Still Wakes the Deep review: A masterpiece of Lovecraftian horror

Emily Stander
A glowing door in Still Wakes the Deep

Still Wakes the Deep is the brand new narrative-driven horror title from developers The Chinese Room, and it’s proven to be a masterpiece in nightmarish storytelling.


Developers The Chinese Room, known for titles like Dear Esther and Everybody’s Gone to the Rapture, set out to create an unnerving experience with Still Wakes the Deep and have left us with a masterful story straight out of a Lovecraftian ocean.

I’m an avid horror fan, starting with watching spooky films from way too young right until now where I have a silly amount of hours in games like Phasmophobia. The genre has always been an important part of my media intake, so I was quite excited for the opportunity to dive into this new title.

Still Wakes the Deep is set at Christmas, 1975, just off the coast of Scotland. You play as Cameron “Caz” McLeary, and he’s about to have the worst day of his life.

Caz’s story starts with a bit of mystery, but he’s just a guy trying to get through the day to get back to his family. After he gets fired (we don’t know why), disaster strikes – but it’s something more than a normal explosion.

Key details

  • Price: 34.99 USD/29.99 GBP
  • Developer: The Chinese Room
  • Release Date: June 18, 2024
  • Platforms: PC, PS5, Xbox Series X|S

Building a petrifying atmosphere

Even before the horror starts, existing in Still Wakes the Deep’s oil rig – the Beira D – is uncomfortable. Every step feels like it could be your last, and it’s down to how everything around you reacts and sounds.

Beira D in Still Wakes the Deep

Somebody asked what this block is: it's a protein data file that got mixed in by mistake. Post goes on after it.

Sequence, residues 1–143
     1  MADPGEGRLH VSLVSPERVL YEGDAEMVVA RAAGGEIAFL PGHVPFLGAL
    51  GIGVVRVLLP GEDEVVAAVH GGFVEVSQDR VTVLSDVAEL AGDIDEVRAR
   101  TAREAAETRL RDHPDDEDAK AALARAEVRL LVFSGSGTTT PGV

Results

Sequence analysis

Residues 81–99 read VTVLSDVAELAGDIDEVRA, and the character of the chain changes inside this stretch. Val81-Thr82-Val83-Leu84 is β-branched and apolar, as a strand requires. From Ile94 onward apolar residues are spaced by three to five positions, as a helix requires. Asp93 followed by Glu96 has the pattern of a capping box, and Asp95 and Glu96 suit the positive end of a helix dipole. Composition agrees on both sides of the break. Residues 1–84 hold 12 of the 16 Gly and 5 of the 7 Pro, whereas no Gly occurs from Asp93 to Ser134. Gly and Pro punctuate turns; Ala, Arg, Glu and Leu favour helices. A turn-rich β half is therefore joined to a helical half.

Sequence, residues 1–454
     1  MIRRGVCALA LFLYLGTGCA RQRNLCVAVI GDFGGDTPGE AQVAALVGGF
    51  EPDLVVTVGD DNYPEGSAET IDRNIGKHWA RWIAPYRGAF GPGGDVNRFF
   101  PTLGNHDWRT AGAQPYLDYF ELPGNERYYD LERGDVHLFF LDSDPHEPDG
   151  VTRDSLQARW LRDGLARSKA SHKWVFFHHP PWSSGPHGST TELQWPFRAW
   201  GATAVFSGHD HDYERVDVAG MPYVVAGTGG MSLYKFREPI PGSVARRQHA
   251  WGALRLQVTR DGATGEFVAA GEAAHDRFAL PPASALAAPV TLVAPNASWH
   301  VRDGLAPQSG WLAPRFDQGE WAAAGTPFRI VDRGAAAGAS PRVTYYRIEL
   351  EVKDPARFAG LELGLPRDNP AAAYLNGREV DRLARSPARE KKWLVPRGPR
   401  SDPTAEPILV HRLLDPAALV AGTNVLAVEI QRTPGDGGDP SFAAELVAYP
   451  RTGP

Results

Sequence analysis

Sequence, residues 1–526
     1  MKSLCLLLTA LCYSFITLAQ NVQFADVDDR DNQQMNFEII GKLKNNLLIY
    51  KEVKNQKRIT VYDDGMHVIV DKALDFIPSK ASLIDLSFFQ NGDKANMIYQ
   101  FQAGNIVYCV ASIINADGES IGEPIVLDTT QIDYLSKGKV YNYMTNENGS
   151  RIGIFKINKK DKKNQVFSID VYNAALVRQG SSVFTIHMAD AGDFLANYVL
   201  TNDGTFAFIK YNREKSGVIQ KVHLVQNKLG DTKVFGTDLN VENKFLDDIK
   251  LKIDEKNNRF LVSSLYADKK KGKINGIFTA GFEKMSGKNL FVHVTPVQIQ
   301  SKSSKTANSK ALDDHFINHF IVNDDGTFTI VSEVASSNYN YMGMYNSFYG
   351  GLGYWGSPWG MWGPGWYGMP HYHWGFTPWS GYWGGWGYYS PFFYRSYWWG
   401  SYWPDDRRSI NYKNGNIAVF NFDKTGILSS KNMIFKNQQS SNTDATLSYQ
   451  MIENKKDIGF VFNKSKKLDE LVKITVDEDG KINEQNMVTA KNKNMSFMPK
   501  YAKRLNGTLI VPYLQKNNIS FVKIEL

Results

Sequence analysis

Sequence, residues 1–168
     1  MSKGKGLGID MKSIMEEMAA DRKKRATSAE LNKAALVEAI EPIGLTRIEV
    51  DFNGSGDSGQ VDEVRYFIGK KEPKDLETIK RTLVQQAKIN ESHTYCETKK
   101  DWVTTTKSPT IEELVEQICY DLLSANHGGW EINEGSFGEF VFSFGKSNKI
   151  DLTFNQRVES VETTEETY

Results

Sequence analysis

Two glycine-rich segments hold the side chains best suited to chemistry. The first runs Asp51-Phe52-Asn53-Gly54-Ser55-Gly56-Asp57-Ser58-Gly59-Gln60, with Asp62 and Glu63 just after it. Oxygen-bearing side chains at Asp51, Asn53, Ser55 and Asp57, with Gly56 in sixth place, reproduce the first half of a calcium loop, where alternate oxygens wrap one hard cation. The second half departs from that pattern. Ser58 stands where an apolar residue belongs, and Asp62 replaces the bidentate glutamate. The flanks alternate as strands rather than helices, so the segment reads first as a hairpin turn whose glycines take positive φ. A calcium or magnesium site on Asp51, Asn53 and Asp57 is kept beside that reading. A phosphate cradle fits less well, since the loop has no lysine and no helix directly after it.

The Beira D serves as the setting for Still Wakes the Deep.

You get into the action pretty quickly, and the terrifying sounds of cracking metal and panicked shouts from the crew perfectly set the tone for what you’re about to experience. 

A small tutorial of sorts ensues near the start where you’re desperately trying to get back to anyone who may know what’s going on, and you’re left facing a creature wrapping itself around the only solid ground you have while you swing and balance from one broken piece of walkway to the next.

Sound design is arguably the most important part of putting together anything in the horror genre, and The Chinese Room nailed it. The creaking metal and explosions of a torn-apart rig bred constant paranoia among the strange singsong-screams of the creatures around me, and there was no moment where I felt safe.

At the same time, this oil rig breaking away piece-by-piece serves as the only thing Caz has any hope of holding on to for an eventual escape. My only comfort became the burnt film markers in the corner of the screen, indicating where the creatures were, but still threatening a fast-progressing psychosis.

Love-crafting characters that stay with you

Still Wakes the Deep pulls you into a story you don’t expect very suddenly – and I couldn’t help but fall in love with many of the charming characters who are trying to help you off this nightmare.

Roy in Still Wakes the Deep
The characters are well-written and will stay with you.

Each cabin is adorned with carefully placed items that tell the realistic story of the lives the people around you are living. In the only moment of peace at the beginning of the game, you get to talk to some of them, and I simply couldn’t help but hope for their safety when all hell broke loose.

Additionally, the game features Scottish dialect and Gaelic prominently, which was quite a fresh experience that only increased the validity that these characters could have been ripped straight from a real-life story.